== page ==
Past projects

EXPERT:        EXPERT (EXPloiting Empirical appRoaches to Translation) aims to train young researchers, namely Early Stage Researchers (ESRs) and Experienced Researchers (ERs), to promote the research, development and use of hybrid language translation technologies. The overall objective of EXPERT is to provide innovative research and training in the field of Translation memory and Machine Translation Technologies to 15 Marie Curie Fellows.

MARS:             On-going internal project which develops a knowledge-poor anaphora resolution for English.

PALinkA:        On-going internal project which develops a multipurpose annotation tool.

DVC:                          AHRC-funded project which aimed to discover characteristic patterns of use for English verbs and show how meanings are associated with patterns of word use, rather than words in isolation.

TELL-ME:                   EACEA Lifelong Learning-funded project which aimed to teach vocationally-specific languages to healthcare professionals and help them to communicate at work.

FIRST:                         FP7-funded project which deployed and developed language technology to automatically detect and remove obstacles to reading comprehension for people with Autism Spectrum Disorders.

MESSAGE:                  EU funded project which delivered controlled languages standards for messages, alerts and protocols arising from terrorism and other security related risks in order to ensure correct transmission of understanding and reliable translation where necessary.

AIR:                             Automatic Archiving for an Institutional Repository: A JISC-funded project aimed to develop an information extraction system for discovery and extraction of bibliographical data from semi-structured text.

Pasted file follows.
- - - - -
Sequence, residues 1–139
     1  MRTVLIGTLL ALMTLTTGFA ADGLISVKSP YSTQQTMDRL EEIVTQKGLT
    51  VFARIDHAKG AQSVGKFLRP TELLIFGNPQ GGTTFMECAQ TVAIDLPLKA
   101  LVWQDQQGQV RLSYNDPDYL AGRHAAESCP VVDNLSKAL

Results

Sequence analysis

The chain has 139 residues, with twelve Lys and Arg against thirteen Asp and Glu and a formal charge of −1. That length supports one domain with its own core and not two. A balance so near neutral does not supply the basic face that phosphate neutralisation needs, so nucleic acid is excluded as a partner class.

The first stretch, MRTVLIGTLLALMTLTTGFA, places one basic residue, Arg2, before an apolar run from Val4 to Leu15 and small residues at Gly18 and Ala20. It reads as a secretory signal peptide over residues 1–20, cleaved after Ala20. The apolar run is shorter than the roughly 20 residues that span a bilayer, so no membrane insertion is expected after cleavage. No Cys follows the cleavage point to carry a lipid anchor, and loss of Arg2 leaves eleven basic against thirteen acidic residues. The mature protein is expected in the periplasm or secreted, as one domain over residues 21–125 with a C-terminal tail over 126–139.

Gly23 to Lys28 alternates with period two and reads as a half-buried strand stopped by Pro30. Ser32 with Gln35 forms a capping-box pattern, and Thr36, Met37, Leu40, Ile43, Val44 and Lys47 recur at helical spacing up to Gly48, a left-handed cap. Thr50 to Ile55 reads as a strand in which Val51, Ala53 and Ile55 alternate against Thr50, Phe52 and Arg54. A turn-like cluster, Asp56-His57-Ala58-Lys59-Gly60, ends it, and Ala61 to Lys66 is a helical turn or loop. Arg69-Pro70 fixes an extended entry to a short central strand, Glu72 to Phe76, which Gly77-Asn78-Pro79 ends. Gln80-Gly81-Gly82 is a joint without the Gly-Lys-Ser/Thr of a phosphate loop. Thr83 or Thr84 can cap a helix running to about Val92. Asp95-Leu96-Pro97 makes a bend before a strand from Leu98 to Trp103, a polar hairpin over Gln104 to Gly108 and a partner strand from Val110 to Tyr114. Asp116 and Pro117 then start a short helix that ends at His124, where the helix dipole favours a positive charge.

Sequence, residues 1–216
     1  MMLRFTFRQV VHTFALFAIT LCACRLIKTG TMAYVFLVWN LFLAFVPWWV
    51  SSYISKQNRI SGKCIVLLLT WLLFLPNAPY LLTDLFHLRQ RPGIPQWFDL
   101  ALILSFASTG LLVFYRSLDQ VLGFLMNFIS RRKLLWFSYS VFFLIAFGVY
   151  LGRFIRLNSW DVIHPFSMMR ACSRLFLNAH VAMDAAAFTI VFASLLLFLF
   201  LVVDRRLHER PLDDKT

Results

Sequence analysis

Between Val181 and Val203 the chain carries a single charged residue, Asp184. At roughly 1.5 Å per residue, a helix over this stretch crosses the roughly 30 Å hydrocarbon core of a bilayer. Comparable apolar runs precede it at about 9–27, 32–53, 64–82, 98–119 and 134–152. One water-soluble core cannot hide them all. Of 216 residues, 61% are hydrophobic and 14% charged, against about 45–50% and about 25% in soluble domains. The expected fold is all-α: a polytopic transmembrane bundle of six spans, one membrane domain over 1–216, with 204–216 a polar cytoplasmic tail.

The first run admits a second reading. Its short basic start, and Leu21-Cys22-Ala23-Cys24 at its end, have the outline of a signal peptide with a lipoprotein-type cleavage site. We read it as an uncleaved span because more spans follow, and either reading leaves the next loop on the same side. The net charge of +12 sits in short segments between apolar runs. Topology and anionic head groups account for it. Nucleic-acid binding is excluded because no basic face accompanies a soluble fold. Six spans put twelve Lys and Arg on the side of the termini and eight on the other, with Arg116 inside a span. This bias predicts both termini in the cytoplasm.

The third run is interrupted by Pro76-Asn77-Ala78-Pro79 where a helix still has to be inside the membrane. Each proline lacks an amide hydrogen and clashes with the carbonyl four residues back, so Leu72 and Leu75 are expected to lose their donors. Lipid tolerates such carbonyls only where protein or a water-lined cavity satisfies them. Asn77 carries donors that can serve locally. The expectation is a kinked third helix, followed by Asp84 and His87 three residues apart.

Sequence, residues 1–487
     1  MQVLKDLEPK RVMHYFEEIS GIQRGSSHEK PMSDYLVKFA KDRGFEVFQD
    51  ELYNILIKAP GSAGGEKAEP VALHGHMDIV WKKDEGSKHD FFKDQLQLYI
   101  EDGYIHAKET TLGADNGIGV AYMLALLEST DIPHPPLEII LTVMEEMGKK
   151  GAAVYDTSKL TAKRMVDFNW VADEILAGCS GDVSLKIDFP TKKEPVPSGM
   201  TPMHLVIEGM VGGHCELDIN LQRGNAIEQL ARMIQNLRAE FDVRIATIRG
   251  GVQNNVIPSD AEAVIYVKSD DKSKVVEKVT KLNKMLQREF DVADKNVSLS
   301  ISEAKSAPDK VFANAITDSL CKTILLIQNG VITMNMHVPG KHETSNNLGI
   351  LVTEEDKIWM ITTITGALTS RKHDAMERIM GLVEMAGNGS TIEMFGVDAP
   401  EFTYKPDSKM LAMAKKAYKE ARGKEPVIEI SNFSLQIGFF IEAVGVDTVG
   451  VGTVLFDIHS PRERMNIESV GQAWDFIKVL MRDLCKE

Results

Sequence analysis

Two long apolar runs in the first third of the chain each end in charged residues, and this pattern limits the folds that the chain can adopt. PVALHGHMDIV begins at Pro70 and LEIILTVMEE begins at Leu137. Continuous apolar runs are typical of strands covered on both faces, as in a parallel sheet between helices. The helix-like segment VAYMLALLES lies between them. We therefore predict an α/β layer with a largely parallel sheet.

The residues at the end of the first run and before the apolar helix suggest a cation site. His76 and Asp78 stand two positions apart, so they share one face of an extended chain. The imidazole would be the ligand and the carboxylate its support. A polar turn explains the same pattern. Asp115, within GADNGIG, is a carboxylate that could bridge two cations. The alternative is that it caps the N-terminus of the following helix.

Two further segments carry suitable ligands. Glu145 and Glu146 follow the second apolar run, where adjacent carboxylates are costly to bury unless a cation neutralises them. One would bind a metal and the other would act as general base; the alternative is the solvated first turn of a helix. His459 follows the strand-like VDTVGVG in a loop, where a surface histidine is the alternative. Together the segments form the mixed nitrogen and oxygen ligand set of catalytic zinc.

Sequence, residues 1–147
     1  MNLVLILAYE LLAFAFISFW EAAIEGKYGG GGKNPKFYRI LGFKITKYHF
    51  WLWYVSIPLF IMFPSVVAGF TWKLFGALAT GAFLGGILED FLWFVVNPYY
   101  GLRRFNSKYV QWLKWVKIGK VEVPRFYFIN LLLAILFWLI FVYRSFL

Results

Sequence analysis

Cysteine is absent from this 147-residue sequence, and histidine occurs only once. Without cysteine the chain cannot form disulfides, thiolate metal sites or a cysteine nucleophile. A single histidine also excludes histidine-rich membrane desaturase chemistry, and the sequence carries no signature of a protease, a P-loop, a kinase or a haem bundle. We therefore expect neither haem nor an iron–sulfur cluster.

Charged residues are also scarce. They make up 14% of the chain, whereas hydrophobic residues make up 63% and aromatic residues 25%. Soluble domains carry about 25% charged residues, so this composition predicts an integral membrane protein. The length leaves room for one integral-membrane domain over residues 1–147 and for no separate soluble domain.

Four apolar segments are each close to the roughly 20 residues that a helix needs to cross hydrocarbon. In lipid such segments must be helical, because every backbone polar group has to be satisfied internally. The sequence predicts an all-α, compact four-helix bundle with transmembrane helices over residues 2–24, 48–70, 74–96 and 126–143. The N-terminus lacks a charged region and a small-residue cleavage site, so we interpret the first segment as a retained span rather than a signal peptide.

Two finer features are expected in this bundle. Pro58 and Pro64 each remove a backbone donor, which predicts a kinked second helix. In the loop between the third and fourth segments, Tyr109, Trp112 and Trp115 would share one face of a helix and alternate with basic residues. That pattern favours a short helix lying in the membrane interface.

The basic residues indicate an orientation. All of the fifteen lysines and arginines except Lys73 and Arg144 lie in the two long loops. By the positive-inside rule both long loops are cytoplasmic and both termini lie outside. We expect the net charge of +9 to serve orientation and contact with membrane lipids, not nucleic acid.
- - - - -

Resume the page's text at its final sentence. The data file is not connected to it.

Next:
QALL-ME:                   EU funded project on Question Answering Learning Technologies in a multiLingual and multiModal Environment.

CAID:                          Computer-aided multiple-choice test items development: a project which used NLP technology to provide aids to speed up the process of authoring multiple-choice test items.

REGEN:                       Rapid items generation: a project which used NLP technology to speed up the process of building multiple choice questions.

SYN-CAR:                   Collaborative project funded by British Council on coreference and anaphora resolution with University of Tuebingen.

NP4E:                          British Academy funded project on development of a methodology in the form of detailed annotation schemes and guidelines for marking noun phrase and event coreference within one document and across different documents.

Corpora4Teaching:   CELT funded project with the goal of encouraging staff to use corpora in language teaching.

BiRD:                          The goal of this project was to produce a system which will mine information about resources for different research domains on the Internet, and produce a database that will be accessible online for anyone wishing to exploit it.

CAST:                         The main objective of this project was the research and development of a user-oriented computer-aided summarisation tool. The project also proposed new methods for automatic summarisation and evaluation of automatic summarisation methods. The construction of a corpus with the most important sentences marked and other information useful for summarisation annotated will be an additional product of the project.